Urological Sciences Research Foundation

Video of Clinton Apology for Tuskegee

Tuskegee Study of Untreated Syphilis
in the Negro Male

In the late 1920s, syphilis was a terrible disease; there was no effective treatment. In 1932, the U.S.Public Health Service began an investigation into the natural history of this dread disease. The location chosen for the study was Tuskegee in rural Macon County, Alabama, a place that had the highest syphilis prevalence in the country. The populace there was largely of African-American descent.

Thus began the longest observational study in medical history: “The Tuskegee Study of Untreated Syphilis in the Negro Male (1932 – 1972).”

Because a closure came to the Tuskegee Study with the death of the last survivor in 2004, and because the current protections of human subjects in medical research emanate from the aftermath of that study, USRF staff members---via an educational grant from GlaxoSmithKline---re-visited the Tuskegee Study in a contemporary fashion.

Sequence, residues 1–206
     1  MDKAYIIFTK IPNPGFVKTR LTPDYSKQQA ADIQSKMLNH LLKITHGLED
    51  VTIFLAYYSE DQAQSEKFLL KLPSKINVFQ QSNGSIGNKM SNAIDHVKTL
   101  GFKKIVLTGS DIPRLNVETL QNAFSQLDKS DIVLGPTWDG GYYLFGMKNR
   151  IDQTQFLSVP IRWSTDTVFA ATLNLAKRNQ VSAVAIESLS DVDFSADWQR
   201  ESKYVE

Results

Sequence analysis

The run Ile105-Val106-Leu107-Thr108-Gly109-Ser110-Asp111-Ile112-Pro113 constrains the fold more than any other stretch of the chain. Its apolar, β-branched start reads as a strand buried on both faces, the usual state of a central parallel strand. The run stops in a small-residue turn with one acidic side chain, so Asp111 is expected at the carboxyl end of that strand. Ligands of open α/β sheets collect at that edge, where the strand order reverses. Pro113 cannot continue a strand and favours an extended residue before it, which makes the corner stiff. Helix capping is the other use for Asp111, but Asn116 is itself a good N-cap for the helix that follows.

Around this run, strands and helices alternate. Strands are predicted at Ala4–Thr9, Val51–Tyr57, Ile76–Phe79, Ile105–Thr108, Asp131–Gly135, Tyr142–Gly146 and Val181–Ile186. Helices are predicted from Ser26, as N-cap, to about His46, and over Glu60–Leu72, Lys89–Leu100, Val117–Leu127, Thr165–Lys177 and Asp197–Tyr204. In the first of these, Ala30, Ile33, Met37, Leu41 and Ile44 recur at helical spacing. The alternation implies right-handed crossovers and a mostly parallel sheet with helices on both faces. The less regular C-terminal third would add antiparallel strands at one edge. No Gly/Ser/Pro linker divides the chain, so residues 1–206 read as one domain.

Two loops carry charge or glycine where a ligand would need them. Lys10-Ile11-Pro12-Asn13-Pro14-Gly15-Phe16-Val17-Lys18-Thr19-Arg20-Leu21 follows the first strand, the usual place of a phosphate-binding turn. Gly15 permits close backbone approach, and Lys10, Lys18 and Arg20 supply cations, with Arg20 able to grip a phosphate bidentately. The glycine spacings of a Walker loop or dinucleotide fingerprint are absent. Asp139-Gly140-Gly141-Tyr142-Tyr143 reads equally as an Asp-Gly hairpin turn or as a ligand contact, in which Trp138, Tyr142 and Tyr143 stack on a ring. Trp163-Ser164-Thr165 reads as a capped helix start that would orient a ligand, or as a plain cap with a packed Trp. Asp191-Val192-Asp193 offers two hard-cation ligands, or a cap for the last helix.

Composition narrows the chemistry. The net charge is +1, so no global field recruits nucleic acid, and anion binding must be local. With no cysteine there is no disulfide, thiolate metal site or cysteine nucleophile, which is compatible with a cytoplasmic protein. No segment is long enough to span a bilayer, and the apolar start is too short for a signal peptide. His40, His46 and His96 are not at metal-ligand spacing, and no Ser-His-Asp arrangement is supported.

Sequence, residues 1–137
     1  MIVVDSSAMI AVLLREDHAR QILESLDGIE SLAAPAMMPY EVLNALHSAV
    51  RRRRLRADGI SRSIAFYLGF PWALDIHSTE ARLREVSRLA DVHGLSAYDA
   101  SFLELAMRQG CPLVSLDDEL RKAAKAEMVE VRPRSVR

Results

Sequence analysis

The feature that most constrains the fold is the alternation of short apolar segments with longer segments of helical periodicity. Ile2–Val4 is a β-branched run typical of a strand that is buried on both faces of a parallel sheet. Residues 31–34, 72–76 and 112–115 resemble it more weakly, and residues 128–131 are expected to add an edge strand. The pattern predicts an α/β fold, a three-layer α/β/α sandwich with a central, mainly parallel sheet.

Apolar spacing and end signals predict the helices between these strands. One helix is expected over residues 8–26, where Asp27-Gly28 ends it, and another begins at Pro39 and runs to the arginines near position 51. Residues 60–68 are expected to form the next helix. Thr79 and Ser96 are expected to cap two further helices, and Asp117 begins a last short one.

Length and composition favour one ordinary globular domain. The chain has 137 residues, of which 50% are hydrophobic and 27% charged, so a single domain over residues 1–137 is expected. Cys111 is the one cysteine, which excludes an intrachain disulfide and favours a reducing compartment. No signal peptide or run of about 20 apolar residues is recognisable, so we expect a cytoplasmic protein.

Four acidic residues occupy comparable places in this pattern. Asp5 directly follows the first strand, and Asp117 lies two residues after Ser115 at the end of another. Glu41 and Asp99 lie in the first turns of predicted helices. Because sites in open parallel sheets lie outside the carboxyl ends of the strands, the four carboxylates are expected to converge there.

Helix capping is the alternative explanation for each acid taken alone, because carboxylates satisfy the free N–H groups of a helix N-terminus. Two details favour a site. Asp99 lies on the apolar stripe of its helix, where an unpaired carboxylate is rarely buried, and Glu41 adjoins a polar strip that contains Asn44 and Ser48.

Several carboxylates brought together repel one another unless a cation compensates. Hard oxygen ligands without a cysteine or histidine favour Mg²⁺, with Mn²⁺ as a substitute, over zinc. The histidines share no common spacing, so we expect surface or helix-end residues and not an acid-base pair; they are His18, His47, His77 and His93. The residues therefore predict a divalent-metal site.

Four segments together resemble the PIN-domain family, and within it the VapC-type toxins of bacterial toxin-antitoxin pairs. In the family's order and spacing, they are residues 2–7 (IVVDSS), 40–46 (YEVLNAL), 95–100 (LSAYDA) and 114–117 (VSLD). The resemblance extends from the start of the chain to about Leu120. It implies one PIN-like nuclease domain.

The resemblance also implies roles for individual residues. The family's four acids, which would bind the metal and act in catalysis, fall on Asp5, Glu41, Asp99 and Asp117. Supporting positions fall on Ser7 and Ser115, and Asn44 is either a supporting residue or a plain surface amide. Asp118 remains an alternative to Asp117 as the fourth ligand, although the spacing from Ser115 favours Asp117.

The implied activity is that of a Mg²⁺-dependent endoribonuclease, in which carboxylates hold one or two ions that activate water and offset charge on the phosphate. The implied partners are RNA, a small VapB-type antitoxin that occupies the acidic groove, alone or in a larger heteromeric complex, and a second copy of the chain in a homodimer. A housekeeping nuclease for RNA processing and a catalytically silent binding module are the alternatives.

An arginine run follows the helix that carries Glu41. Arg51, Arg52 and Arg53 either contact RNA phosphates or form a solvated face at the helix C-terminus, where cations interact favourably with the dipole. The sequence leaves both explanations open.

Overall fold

Presentation at American Urological Association
San Antonio, TX - May, 2005
  • POWERPOINT FILE (2.9MB, Video Clips in original presentation in HTML file below)
Publication in Urology
June, 2005
  • HTML (includes video clips)
  • PDF (270KB)


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